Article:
Prof. Dr. Svante Pääbo
Director, Department of Genetics
Max Planck Institute for Evolutionary Anthropology
Deutscher Platz 6
phone: +49 341 3550 - 500
fax: +49 341 3550 - 555
A high-quality Neandertal genome sequence
The genome sequence was generated from a toe bone discovered in Denisova Cave in southern Siberia in 2010. The bone is described in Mednikova (Ethnology & Anthropology of Eurasia 2011. 39: 129-138).
DNA sequences were generated on the Illumina HiSeq platform and constitute an average 50-fold coverage of the genome. 99.9% of the 1.7GB of uniquely mappable DNA sequences in the human genome are covered at least ten times.
Contamination with modern human DNA, estimated from mitochondrial and nuclear DNA sequences, is around 1%.
The figure shows a tree relating this genome to the genomes of Neandertals from Croatia, from Germany and from the Caucasus as well as the Denisovan genome recovered from a finger bone excavated at Deniosva Cave. It shows that this individual is closely related to these other Neandertals. Thus, both Neandertals and Denisovans have inhabited this cave in southern Siberia, presumably at different times.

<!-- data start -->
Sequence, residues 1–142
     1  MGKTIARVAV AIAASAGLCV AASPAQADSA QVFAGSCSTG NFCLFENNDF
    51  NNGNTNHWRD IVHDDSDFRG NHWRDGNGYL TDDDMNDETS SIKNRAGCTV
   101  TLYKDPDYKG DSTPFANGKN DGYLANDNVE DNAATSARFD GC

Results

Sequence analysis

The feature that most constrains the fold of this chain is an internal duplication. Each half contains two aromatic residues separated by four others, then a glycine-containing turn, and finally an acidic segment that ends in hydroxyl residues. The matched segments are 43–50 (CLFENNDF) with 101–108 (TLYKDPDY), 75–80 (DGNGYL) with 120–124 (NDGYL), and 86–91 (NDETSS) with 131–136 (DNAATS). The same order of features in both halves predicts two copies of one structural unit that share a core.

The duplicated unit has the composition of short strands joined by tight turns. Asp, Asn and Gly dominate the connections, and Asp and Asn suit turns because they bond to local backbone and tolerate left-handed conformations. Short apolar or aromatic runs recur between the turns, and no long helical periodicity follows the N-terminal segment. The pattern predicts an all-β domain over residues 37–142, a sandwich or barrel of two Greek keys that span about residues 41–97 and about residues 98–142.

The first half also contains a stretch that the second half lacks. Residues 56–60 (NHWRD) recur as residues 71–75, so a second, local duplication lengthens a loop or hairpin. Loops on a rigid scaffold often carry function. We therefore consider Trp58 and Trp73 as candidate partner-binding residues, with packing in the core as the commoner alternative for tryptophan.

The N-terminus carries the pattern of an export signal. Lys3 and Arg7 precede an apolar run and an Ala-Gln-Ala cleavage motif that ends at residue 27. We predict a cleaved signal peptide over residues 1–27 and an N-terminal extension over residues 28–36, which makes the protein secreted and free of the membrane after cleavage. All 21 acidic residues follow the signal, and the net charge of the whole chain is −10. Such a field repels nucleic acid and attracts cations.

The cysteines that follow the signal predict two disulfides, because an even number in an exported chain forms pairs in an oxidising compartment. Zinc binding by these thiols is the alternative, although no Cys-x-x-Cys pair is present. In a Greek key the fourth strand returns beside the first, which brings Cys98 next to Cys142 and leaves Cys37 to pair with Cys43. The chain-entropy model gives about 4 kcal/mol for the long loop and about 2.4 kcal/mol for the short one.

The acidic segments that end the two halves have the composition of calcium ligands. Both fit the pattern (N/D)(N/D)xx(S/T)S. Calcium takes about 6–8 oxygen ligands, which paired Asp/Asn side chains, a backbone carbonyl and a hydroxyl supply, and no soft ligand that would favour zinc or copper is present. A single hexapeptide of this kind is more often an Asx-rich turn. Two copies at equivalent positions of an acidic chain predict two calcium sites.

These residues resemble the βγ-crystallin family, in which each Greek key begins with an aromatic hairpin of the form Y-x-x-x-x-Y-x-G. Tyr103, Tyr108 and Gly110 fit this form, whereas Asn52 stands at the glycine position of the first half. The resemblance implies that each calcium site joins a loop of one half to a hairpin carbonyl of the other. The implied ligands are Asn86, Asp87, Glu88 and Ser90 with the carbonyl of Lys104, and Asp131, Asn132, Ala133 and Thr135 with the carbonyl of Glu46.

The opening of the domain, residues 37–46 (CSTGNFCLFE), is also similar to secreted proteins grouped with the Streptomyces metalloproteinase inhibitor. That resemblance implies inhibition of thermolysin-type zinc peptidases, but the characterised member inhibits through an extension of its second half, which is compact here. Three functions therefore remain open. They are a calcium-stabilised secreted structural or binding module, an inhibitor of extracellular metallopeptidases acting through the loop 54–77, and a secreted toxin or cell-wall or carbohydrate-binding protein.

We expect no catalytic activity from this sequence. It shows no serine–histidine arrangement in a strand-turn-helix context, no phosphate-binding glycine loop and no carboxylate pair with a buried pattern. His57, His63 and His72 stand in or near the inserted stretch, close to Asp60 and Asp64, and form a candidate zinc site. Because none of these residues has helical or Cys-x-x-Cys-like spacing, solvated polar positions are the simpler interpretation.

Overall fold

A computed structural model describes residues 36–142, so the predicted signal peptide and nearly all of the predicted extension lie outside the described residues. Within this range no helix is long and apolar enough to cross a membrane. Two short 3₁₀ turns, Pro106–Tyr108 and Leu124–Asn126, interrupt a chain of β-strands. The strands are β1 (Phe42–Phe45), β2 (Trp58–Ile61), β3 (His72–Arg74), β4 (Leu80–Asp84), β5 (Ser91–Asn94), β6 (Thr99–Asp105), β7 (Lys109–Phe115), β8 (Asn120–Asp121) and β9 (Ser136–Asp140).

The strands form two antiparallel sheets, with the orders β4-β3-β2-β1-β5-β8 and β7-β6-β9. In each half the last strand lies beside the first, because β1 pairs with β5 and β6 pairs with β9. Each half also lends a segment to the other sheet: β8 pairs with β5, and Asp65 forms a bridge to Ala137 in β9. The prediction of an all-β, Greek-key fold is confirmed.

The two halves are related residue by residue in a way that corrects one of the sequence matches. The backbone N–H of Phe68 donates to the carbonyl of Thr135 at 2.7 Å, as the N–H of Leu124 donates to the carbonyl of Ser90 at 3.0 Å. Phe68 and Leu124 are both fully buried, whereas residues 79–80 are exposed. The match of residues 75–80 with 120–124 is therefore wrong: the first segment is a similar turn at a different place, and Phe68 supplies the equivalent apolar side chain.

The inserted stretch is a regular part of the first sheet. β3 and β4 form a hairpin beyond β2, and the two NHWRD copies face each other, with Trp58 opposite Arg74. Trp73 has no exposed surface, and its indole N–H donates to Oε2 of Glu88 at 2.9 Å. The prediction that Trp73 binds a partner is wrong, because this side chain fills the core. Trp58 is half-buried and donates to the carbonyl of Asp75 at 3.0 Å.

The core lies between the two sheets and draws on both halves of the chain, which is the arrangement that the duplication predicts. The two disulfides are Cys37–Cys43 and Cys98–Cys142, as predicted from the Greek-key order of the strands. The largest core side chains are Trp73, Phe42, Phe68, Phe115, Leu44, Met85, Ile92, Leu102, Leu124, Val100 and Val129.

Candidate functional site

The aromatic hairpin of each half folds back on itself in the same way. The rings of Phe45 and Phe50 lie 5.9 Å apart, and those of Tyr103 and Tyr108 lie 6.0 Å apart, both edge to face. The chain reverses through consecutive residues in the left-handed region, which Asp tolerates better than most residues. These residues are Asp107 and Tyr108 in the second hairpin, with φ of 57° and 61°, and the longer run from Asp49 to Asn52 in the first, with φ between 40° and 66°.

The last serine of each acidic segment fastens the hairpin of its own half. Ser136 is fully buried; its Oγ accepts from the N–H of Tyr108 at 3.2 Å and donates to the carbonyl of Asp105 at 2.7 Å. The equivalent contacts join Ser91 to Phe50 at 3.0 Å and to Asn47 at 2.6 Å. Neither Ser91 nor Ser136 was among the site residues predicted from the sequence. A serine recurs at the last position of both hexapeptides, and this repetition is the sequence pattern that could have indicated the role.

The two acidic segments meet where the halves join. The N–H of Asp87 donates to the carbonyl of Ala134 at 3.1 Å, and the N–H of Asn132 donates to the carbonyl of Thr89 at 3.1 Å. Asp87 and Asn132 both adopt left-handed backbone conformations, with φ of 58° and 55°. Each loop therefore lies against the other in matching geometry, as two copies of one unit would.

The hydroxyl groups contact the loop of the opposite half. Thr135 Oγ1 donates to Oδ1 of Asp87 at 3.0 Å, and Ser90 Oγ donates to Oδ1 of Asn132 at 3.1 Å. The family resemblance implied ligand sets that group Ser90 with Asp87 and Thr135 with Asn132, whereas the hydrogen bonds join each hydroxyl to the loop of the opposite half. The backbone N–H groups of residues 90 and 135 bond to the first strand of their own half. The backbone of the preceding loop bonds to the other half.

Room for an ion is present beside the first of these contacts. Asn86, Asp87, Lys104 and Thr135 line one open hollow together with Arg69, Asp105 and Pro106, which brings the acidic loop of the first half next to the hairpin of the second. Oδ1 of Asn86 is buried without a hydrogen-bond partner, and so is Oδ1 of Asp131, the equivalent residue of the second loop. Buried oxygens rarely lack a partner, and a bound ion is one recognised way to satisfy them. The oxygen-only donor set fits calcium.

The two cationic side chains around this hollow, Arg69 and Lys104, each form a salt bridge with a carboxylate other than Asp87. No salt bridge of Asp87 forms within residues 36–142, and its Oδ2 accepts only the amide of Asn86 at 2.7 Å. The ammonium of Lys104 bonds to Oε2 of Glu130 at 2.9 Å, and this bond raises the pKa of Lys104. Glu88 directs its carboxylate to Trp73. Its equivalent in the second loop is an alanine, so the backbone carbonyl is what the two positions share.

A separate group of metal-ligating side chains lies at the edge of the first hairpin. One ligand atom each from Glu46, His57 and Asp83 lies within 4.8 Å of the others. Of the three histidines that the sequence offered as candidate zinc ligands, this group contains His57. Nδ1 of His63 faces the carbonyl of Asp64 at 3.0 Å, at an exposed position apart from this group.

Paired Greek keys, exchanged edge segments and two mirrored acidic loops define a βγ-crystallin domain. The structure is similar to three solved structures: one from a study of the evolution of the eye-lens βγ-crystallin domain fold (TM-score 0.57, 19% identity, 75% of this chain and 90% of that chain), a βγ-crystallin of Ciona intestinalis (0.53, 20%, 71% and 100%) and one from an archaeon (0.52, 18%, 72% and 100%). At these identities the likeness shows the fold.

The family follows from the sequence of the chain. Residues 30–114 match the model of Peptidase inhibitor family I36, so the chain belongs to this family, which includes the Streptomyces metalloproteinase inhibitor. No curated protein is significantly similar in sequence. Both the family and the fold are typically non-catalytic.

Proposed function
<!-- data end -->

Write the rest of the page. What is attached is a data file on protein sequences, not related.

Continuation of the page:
Use of the genome sequence data
All data is made freely available. However, we ask users to observe the Ft. Lauderdale principles, which entitles the data producers to make the first presentation and publish the first genome-wide analysis of the data. The data can be used freely for studies of individual genes or other individual features of the genome.
Alignments for all Neandertal sequences to the human genome are available in BAM format. [Download here]